toric days, Mr.. Soule points ot. ing taken to arouse more interest since 1917. The Dean was himself ers. That is that an annuity system design.
Many savage tribes utilized .the in the organization among the member of the board for a period for teachers is designed to promote Professor Wilby was ::ecently
practice of poisoning arrow tips members of the senior class, extendingfrom 1915 to 1929, when te wefaeef he schol o the granted a -six-months' leave of ab-
oosO rcie ftp nghe resigned. o th thebosadgrso
witch wol cue.d- !Bnce, which le will spend in Flor-
with germs would . L. Beard,. 30E.,.a been ap- On the subject of the need and the state may have the services of ida. H leaves for the South at
velopment of lock-jaw inersons pointed temporary chairman of the character of pensions for Michigan better teachers." the end of this semester
struck by the arrows. In the use organization, and meetings will be teachers, Dean Edmonson pointed Increases Efficiency" About 35 students who either are
of sulphurouis stink - pots and resumed in a short time. . In the out that they 'were in no sense to The Dean then went on to state at present in Professor Wilby's
burning pitch, savages showed ast tl lub has b be considered as a civil pension or that the answer to the qestionOfclasses, or who have studied under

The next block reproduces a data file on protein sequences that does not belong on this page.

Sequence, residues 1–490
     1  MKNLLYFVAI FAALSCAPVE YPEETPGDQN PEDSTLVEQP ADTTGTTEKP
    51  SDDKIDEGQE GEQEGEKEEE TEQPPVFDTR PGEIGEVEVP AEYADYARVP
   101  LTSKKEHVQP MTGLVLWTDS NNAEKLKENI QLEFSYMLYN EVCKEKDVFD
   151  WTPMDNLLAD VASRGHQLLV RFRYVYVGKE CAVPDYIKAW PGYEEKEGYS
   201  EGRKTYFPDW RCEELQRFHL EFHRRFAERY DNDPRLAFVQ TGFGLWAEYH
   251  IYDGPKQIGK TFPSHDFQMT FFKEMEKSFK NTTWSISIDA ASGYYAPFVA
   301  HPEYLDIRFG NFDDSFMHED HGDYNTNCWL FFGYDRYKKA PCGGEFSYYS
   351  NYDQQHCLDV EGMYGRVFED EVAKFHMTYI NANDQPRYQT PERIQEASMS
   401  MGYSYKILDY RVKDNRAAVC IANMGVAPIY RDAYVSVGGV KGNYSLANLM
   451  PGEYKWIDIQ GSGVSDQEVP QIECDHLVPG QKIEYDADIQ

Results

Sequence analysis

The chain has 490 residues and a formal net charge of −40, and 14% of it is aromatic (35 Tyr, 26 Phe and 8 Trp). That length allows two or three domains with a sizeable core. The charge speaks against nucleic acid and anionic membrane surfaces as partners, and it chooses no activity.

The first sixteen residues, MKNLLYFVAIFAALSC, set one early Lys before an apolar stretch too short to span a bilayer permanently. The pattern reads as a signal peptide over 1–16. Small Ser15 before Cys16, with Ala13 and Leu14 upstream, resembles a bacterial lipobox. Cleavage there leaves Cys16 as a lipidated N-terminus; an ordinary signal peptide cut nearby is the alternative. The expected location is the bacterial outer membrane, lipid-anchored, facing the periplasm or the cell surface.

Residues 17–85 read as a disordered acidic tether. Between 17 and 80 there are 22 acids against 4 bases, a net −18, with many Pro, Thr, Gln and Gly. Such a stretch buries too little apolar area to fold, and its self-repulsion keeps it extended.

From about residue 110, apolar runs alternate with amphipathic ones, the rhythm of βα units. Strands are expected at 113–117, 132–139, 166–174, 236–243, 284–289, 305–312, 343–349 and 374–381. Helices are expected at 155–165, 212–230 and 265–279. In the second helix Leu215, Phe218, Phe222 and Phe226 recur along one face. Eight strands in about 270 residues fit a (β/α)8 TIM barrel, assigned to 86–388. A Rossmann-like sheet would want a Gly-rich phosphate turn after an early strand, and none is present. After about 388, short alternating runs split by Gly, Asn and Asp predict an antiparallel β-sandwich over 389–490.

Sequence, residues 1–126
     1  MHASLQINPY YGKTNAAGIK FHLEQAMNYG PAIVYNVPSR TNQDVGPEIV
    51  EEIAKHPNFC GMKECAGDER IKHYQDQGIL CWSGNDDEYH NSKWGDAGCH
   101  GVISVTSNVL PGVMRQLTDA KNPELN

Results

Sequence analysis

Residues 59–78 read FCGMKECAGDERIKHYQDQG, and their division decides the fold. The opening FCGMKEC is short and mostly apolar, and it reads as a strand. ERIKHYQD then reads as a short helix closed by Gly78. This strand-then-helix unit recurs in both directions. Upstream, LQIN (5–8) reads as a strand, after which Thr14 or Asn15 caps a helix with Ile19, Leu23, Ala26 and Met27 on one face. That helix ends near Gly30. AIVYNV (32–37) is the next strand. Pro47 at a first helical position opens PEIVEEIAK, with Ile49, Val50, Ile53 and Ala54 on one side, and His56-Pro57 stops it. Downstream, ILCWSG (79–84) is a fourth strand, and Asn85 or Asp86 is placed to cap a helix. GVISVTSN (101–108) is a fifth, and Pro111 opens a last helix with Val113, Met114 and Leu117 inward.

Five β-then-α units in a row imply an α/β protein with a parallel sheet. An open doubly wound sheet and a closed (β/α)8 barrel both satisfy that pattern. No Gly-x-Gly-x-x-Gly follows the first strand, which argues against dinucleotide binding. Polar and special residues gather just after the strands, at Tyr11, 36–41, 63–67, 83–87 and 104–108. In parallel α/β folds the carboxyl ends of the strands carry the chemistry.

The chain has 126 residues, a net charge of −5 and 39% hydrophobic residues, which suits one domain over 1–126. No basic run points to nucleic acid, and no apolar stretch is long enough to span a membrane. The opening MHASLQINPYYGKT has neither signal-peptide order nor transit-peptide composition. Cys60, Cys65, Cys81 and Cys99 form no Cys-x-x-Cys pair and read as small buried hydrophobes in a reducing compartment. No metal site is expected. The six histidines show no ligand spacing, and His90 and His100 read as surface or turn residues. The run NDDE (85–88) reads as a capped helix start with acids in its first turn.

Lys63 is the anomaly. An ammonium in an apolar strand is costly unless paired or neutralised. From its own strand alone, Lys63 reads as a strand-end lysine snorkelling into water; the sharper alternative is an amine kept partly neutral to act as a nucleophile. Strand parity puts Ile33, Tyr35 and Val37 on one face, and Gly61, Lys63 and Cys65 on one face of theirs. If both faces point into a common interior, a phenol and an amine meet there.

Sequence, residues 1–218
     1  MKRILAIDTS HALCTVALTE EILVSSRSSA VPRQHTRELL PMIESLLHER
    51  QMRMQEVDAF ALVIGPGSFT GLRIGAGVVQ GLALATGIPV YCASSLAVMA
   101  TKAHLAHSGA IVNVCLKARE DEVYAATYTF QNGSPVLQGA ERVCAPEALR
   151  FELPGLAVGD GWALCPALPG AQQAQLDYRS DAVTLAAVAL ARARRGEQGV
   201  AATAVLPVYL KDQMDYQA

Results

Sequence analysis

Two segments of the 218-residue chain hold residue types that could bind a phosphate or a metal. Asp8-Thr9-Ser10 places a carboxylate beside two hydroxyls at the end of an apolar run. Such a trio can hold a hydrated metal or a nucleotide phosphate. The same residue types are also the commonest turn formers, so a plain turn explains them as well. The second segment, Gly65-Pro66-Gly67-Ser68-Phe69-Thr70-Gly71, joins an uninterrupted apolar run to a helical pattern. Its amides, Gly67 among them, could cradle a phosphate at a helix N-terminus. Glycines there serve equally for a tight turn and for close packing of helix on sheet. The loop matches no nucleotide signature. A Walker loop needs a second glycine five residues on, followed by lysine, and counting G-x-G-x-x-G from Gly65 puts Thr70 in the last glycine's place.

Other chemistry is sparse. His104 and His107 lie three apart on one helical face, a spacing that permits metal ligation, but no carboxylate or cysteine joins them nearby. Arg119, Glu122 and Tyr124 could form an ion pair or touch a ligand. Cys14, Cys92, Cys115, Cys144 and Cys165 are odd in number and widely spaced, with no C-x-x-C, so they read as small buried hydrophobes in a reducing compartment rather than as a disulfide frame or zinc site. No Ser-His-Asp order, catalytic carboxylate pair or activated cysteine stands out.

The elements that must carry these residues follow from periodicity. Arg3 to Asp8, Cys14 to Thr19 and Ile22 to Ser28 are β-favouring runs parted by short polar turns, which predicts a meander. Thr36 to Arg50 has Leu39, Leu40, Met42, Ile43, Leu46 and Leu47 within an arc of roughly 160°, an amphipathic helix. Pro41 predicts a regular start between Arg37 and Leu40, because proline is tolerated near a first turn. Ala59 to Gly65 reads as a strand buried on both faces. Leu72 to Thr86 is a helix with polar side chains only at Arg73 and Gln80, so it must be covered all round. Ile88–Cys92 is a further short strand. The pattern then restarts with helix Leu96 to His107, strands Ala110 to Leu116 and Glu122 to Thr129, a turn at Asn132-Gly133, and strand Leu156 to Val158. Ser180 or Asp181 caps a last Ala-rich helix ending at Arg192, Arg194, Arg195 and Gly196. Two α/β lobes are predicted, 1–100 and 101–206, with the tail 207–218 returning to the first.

further evidence of the 'ability to . yany , why the-teachers shoud be given him in the past. attended the ban-
utilize principles of chemistry in to senior but in order t assure a a thing which, he said, had arous- pensions resolved itself into the quet.
their rude warfare. more permanent organization jun-.ed many of the teachers them- problem of increasing the effici- he toastmaster of the evening
I -role Te otakene o tethein
A single chemical achievement, iors will be.,aken into the organi- selves against the plan. He pointed ency of the teachers staff. He show- was Thomas W. Pemberton. '30A.
the discovery of gun powder, revo- jation this year. out that the pensions were not ed that this would , be brought He introduced R. P. McCormick
lutionized all warfare. Chemists are Th club -o ti granted on a basis of charity oI about in three ways by the move- '31A., who presented Professor Wil-
still at work in an attempt to dis- _ :nLhold age for the purpose of support- ment. First, it allows the removal i by with a meerschaum pipe in